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Antitrust lawsuit against the NCAA

Discussion in 'Sports and News' started by Dick Whitman, Mar 17, 2014.

  1. Dick Whitman

    Dick Whitman Well-Known Member


    There is a lot out there about why the NCAA isn't an antitrust violation - basically, because collusion is an essential part of the business model and thus "pro-competitive."

    That said, I don't know that it has ever actually been held to not violate the Sherman Act. Judges have just said this in dicta.
  2. Baron Scicluna

    Baron Scicluna Well-Known Member

    Three hours and 53 minutes until I call my doctor.
  3. 3_Octave_Fart

    3_Octave_Fart Well-Known Member

    Burn it to the ground.
  4. Baron Scicluna

    Baron Scicluna Well-Known Member

    Except the NCAA argues that they are not a business, they're a "non-profit" regulatory organization.

    They'll have a heckuva time claiming that collusion is part of their business model and then claiming they're not a business.
  5. Bob Cook

    Bob Cook Active Member

    I've long thought that what the NCAA should do is remove the players' restrictions on profiting from their athletic success. So the schools could still "only" pay them a scholarship plus room and board and book fees. But the athletes could get a percentage of memorabilia sales, get endorsements or otherwise profit from their own name. (The school retains rights to its name, so the player couldn't be ID'd as being from a specific team unless the athletic department approves it.)
  6. JC

    JC Well-Known Member

    It's really a simple solution but that means the NCAA is relinquishing control.
  7. Bob Cook

    Bob Cook Active Member

    It's not "the NCAA" -- it's the member schools. If the member schools wanted to allow boosters to hand out hundred-dollar handshakes with impunity, they could make it so. But part of the fiction that fans -- as much as anyone -- buys into is that this is a purely rah-rah, school-based amateur enterprise. If the NCAA becomes an outright pro organization, then the emotional connection starts severing.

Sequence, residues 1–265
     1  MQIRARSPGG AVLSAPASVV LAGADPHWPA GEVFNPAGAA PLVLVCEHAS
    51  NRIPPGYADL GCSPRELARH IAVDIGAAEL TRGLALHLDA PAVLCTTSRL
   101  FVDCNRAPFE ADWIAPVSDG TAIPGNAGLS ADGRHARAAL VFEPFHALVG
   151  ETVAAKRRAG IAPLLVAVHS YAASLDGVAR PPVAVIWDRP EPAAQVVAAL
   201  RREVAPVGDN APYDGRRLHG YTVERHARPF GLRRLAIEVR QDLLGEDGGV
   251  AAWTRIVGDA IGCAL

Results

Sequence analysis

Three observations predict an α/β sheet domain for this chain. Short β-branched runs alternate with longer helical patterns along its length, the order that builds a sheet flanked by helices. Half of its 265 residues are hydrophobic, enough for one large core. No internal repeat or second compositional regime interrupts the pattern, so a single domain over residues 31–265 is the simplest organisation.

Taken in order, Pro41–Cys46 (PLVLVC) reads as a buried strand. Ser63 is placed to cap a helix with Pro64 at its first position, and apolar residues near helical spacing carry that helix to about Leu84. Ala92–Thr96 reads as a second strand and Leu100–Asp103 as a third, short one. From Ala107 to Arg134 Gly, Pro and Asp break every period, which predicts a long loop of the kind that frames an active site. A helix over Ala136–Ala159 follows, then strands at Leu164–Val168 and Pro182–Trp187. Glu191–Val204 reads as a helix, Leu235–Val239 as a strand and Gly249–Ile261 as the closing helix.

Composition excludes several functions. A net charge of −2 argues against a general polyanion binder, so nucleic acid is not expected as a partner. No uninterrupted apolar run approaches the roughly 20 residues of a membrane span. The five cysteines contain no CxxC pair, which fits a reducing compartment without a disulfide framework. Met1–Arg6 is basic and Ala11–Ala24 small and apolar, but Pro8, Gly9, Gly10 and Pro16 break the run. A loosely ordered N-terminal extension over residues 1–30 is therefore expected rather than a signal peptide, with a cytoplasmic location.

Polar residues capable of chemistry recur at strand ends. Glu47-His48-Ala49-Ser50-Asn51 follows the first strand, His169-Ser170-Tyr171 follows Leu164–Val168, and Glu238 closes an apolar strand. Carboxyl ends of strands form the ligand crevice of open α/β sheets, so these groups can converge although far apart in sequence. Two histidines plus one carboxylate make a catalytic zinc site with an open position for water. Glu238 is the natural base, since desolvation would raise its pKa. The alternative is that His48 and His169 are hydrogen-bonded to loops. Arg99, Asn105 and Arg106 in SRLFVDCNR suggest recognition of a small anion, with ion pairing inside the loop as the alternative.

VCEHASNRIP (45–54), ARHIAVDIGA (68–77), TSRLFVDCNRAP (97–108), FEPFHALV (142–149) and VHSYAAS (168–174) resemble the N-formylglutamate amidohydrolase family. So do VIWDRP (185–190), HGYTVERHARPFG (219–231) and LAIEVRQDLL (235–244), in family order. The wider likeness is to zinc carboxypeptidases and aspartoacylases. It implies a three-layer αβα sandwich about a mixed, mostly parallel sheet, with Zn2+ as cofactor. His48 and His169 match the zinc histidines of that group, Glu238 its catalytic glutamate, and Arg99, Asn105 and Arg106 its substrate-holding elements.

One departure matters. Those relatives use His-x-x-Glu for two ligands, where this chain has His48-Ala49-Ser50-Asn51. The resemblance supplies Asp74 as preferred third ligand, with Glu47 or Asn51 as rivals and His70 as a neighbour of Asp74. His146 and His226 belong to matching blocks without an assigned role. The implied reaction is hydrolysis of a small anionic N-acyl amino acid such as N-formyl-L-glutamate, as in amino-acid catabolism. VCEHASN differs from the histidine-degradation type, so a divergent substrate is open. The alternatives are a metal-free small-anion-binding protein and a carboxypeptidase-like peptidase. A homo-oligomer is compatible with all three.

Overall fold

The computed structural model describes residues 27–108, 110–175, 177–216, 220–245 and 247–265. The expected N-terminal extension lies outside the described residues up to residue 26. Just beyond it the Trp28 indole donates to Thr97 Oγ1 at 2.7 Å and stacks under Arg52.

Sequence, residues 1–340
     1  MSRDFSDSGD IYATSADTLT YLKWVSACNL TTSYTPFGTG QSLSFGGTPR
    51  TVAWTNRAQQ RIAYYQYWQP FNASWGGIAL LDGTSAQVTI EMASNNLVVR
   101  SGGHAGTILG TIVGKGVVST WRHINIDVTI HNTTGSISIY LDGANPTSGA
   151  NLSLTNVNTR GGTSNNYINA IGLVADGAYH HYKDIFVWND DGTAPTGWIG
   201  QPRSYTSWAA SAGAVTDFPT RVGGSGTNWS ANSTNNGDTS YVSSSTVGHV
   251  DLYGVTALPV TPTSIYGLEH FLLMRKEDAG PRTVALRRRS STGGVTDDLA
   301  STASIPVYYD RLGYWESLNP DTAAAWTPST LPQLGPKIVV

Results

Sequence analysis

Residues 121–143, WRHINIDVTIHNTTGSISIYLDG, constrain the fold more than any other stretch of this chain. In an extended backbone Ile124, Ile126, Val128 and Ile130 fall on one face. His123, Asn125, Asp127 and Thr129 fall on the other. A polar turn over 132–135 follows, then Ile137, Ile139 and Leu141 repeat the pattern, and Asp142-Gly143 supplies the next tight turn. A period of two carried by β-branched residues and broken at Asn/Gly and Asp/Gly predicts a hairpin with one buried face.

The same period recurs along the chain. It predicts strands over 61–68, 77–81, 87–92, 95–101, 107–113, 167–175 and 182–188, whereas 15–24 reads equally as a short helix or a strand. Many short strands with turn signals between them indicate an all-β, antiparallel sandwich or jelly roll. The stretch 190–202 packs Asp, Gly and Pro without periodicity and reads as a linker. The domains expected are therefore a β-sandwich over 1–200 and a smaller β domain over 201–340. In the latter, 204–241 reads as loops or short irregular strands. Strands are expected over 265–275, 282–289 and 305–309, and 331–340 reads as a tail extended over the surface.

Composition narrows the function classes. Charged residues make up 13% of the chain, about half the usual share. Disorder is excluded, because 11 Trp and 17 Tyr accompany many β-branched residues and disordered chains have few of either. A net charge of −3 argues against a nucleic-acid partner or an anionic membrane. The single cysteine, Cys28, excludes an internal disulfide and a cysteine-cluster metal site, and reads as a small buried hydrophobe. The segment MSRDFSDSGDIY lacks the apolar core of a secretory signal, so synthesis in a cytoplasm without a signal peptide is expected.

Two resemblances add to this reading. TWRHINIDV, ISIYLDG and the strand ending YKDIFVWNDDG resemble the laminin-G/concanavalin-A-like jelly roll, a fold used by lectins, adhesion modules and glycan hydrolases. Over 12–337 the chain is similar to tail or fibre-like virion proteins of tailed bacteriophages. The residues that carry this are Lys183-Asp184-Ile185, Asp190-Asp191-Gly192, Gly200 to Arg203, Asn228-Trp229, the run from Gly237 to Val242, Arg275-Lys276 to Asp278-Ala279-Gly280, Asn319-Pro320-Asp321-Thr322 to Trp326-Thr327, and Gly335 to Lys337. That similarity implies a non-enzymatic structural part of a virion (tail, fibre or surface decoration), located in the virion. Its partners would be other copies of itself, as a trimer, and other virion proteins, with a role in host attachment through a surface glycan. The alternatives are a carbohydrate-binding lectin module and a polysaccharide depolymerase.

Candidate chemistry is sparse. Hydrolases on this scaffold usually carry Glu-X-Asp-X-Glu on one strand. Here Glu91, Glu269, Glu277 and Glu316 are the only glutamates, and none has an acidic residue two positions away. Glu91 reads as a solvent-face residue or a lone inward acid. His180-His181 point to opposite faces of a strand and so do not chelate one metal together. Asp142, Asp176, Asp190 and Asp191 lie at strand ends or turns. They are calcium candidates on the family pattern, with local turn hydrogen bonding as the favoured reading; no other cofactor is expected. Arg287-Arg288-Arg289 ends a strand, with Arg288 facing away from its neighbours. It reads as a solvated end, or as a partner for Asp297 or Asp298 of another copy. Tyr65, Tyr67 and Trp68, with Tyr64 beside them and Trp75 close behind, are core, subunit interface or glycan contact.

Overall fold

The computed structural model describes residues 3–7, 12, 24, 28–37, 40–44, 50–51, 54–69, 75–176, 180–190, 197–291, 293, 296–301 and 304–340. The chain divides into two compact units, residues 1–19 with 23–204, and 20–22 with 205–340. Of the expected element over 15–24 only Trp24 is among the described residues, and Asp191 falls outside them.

The thing is, every high school sports association is struggling with professionalization, Or at least, with the model that every school is a public institution with inherently equal resources, with schools only drawing students from a firm boundary line. That's hardly so, anymore, and that's why you see so many scrambling on so many issues.
  8. Dick Whitman

    Dick Whitman Well-Known Member

    I've said this plenty of times: I don't understand why sports, alone, imposes amateur purity on its participants. In no other field that I can think of - certainly there are some, but none that seem prominent - is a college student actually forbidden from making money from his or her craft. The fact that the Olympics for so long imposed amateur status on athletes who dedicated their lives to their sport is astonishing, too.
  9. poindexter

    poindexter Well-Known Member

    And people buy into it as well... that there is some shining beacon to being an 'amateur' athlete... I have never understood it.
  10. cranberry

    cranberry Well-Known Member

    Wouldn't that just kick the problem further down the road? Why shouldn't the athletes be entitled to share in the primary revenue they generate -- TV contracts and the gate, etc.?

    Also, can someone explain the virtue of amateurism?
  11. Baron Scicluna

    Baron Scicluna Well-Known Member

    Amateurism, at least when the modern Olympics began, was seen as a pure thing because the upper class could afford to take time out of their day to play games, while the working class was too busy working. It was seen as a way to show he upper class was superior to everyone else. It also came at a time when pro baseball players were seen as slackers and scumbags.

    The Olympics clung to this until it became so blatantly obvious that Commie-bloc athletes were basically pros that it couldn't be controlled. Plus,the IOC, like the NCAA now, couldn't keep spouting off on the virtues of amateurism when their own people were profiting handsomely.

    I also agree with Bob, that players are going to be able to make their own deals, or at least get a cut of the school's sneaker money.
  12. cranberry

    cranberry Well-Known Member

    There's no good reason why athletes should ignore the bigger pile of money they generate and settle for a little sneaker money. They're entitled to a negotiated cut of all the money they generate -- TV, gate, licensing, endorsements, etc.
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